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CNN LIVE EVENT/SPECIAL

America Strikes Back: Muslim Reactions to War on Terrorism

Aired October 15, 2001 - 05:32   ET

THIS IS A RUSH TRANSCRIPT. THIS COPY MAY NOT BE IN ITS FINAL FORM AND MAY BE UPDATED.


THIS IS A RUSH TRANSCRIPT. THIS COPY MAY NOT BE IN ITS FINAL FORM AND MAY BE UPDATED.
KYRA PHILLIPS, CNN ANCHOR: Well how much support does the U.S. already have for this war on terrorism and what can be done to sway other Arab nations?

Mid East analyst Hala Lumarin joins us now from our London bureau this morning. Good morning Hala.

HALA LUMARIN, MIDEAST ANALYST: Good morning.

PHILLIPS: Why don't we talk, first of all, about the accuracy here? If you think there is accurate portrayal of Arab reaction, because it seems to be very isolated and you see a lot of the minority and not so much the majority. Would you agree with that?

LUMARIN: I agree with that a lot. The reaction is there -- is of course the governments who support the western way of dealing with the terrorist attacks, and this is sort of local pile (ph) support that we see. There is a silent majority of people who are families like all other families in the world who would rather get along with their daily lives and they deal with their children's problems and deal with what they're going to eat tomorrow.

These are the silent majority and they are -- they're listening, watching and very, very apprehensive on what is going to happen next and whether it's going to affect their life. And of course, there is a third group, which is a minority and these are the radicals. They are actually extreme religious zealots. They are vocal, loud and very organized and they are the ones that attract all the media attention.

So this is what you are seeing, but there is a big quiet majority. And I would like to add that this quiet majority who are watching apprehensively would very much like to see, so that they can get along with their lives, to see that this job is done to the end. This job is done completely. The terrorists that are responsible for the act are brought to justice.

And they would, I think, also like to make sure that there is some kind of United Nations or independent way of nation building in the area so that we don't have big vacuums and -- which might create instability. They would want stability to make sure that they get along with their lives

PHILLIPS: Now how is the coverage of this war ...

ALUMARIN: This is what I believe.

Phillips: Understandable. The coverage of this war has been very different from the past. You're not seeing a lot of inside footage, I guess would be the way to say it, on television, and usually it's a lot of death and destruction, that seize this quiet majority that you've been talking about to speak up. Do you think that is having an influence here and if we start to see more compelling footage, would this awake this quiet majority?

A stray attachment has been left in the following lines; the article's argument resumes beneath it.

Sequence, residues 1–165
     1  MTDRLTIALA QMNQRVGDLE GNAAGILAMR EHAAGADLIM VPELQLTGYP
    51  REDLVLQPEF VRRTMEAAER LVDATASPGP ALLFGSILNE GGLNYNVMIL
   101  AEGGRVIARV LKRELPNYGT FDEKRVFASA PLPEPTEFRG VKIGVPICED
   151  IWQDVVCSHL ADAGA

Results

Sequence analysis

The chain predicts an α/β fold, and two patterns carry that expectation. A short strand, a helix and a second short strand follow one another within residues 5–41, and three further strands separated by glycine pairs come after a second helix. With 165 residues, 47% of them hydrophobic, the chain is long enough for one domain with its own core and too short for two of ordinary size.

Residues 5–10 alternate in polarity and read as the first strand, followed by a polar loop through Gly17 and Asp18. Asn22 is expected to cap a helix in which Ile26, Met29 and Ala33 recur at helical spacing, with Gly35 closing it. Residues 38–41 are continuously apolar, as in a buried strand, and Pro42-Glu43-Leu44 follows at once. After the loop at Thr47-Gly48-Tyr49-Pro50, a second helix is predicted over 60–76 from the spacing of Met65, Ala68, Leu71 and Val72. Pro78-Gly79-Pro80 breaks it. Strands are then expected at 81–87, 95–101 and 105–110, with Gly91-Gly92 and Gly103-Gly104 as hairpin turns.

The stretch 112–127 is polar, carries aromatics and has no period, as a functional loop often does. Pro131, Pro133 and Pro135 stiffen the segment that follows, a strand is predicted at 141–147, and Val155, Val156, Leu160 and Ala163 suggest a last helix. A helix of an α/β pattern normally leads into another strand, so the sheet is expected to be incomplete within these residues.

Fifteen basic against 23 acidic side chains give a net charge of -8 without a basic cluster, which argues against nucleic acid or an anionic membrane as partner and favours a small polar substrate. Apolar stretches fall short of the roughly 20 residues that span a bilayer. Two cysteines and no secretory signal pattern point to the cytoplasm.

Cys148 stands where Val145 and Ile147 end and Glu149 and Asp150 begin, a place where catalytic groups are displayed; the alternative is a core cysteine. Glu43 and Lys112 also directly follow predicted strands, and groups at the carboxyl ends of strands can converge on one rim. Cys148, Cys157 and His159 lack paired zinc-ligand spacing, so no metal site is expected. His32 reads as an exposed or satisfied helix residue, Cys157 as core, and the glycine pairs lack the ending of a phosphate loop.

LUMARIN: Yes. I am afraid you are -- you are right, this is a very important point. People call this a propaganda war. I'll go further and call it a war on television -- television screens. The message sometimes -- and television is visual and although these -- I do think that the western press and media are trying to bring these -- what is happening in the -- in the area, which is being bombarded. But because there is no TV spectacle, as you explained, they're concentrating on demonstrations and these demonstrations are not of the majority of people, by the minority.

So this get the message not clear, especially I do listen to the correspondents and they do explain that these are small numbers, but television is a visual image, and the picture of those demonstrations -- it is the -- the pictures of those -- which are very disturbing and emotional and this is what affects most people in our part of the world.

Of course, now that the Taliban has allowed them to go in, we will probably start seeing, for the first time, the visions of the results of the bombing and the results of the war. Now this means probably more children, families displaced, the children hurt, homes destroyed. Now if these are not put in the right context and I mean a visual context, you know the visual aspect sets the agenda -- pictures set the agenda.

We as media people have to think very carefully about this. If this is not put in the right context, the message will be misunderstood and it is going to create great emotional imbalance in the area I'm afraid.

PHILLIPS: OK Hala, real quickly, before we let you go -- real quickly please. Ramadan is approaching. This is the month of peace for the Arab world. Could we see an affect on this month -- the dynamics of this war because of Ramadan?

LUMARIN: I'm afraid Ramadan is a month where the Muslims fast and pray to cleanse their bodies and spirits -- it's a month where all the Muslims in the Arab world feel united in this act, and I think bombing an Islamic country at this point and time might create a lot of complication and misunderstanding and hot (ph) emotions in the area.

Phillips: Hala Lumarin, thank you so much for being with us this morning.

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